Morbid is the word for “Primo Amore,” an Italian tale of romantic obsession that’s less like “Vertigo” and more like a slickly-produced freakshow. In Matteo Garrone’s slow, pretentious film Vitaliano Trevisan plays Vittorio, the bald, reedy, stone-faced owner of a goldsmith shop specializing in jewelry who meets Sonia (Michela Cescon), a gregarious but needy clerk-model, through a dating service and proceeds to try to mold her into his image of the perfect woman–which, in his view, is apparently one who’s utterly emaciated. After they begin cohabitating, he forces her to shed pounds by fasting although she’s hardly plump to begin with (just as, you see, he purifies gold of its dross by heat). And when she understandably rebels against the cruel regimen, tragedy follows. Though one doesn’t want to reveal its precise nature, suffice it to say that at the end you might be more than a little reminded of “Sunset Boulevard.”
One certainly has to admire the unsparing nature of the two lead performances. Trevisan makes Vittorio a brutally clear-headed psychotic, a straight-backed, cunningly manipulative sort whose single-mindedness leads him to disaster. And Cescon literally bares all to fashion a portrait of a woman whose need for love overcomes any sense of independence or self-esteem. (The only other cast member of consequence is Roberto Comacchio, who provides a picture of genial obtuseness as Sonia’s brother, who conveniently goes off to Africa just as Vittorio’s plans emerge.) And a degree of admiration is certainly due Garrone, who, with his cameraman Marco Onorato, fashions a dark, shadowy color scheme that complements the grim mood of the script. The only scene that sticks out for its obvious visual trickery–and not to good effect–is one in which the couple go on a boat ride; the images are blurred to emphasize the fact that the two aren’t seeing things properly (or we them). It’s a cheap trick, unworthy of the rest of the movie.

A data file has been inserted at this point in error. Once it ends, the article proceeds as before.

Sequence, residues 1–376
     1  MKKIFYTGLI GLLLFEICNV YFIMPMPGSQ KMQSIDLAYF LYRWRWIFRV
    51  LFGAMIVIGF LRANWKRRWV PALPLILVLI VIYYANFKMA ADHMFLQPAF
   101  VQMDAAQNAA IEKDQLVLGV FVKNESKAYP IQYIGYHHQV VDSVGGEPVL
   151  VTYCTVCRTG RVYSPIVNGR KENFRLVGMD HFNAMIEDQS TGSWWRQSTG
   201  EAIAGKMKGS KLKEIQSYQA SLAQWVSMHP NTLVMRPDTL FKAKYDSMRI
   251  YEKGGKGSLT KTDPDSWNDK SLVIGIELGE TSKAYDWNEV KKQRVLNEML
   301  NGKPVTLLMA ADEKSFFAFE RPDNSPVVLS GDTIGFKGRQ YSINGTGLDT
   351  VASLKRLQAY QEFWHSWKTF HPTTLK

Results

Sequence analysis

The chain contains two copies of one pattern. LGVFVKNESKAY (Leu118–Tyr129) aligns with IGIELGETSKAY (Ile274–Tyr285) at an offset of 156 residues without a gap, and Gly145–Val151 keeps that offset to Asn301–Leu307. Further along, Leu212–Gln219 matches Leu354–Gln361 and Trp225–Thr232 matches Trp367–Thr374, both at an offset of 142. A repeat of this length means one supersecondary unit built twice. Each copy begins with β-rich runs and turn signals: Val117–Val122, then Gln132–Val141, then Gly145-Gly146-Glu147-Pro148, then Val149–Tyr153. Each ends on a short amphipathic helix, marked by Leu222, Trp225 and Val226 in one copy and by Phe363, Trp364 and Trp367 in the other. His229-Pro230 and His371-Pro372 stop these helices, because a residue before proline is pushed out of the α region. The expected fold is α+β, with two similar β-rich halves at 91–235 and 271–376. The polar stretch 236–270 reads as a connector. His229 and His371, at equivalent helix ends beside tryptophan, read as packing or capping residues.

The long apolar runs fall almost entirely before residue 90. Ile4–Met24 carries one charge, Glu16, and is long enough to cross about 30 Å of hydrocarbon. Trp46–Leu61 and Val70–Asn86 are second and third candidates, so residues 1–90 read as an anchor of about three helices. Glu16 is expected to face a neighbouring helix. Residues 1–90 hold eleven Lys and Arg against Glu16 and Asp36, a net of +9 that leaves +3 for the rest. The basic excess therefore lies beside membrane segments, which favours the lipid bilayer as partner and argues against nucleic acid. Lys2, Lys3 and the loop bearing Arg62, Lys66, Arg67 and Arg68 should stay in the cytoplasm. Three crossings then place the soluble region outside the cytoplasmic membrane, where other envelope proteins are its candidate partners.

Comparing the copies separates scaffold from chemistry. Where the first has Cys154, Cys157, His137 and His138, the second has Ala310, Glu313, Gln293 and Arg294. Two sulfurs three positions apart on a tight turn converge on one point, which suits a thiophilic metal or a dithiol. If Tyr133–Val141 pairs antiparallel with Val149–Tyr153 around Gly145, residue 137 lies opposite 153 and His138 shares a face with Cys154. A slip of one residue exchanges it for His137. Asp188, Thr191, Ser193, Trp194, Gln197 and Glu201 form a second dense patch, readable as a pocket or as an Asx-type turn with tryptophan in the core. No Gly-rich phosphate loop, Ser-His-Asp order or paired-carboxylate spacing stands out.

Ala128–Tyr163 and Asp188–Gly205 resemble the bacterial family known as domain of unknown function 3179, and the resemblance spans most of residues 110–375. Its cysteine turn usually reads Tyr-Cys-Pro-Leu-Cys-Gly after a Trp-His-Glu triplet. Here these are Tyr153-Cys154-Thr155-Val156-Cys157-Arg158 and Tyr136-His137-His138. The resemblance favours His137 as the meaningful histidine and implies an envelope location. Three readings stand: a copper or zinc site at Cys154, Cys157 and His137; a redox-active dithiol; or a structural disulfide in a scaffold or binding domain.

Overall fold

But ultimately the unsavory tale of conjoined sadism and masochism, however smoothly made, doesn’t seem to have a great deal of point or purpose. Unlike Garrone’s previous effort “The Embalmer,” which also dealt with sexual obsession, this one lacks narrative complexity and surprises. To be sure “The Embalmer” wasn’t entirely successful in juggling its various plot threads, but it possessed a subtlety this more direct, less eventful picture lacks. “Primo Amore” is the sort of film you can respect for its stylishness, but in the end it comes across as obsessive as Vittorio, and no more attractive. Perhaps it’s appropriate that a tale about the avoidance of food should be so unappetizing, but that doesn’t make it any more enjoyable to watch.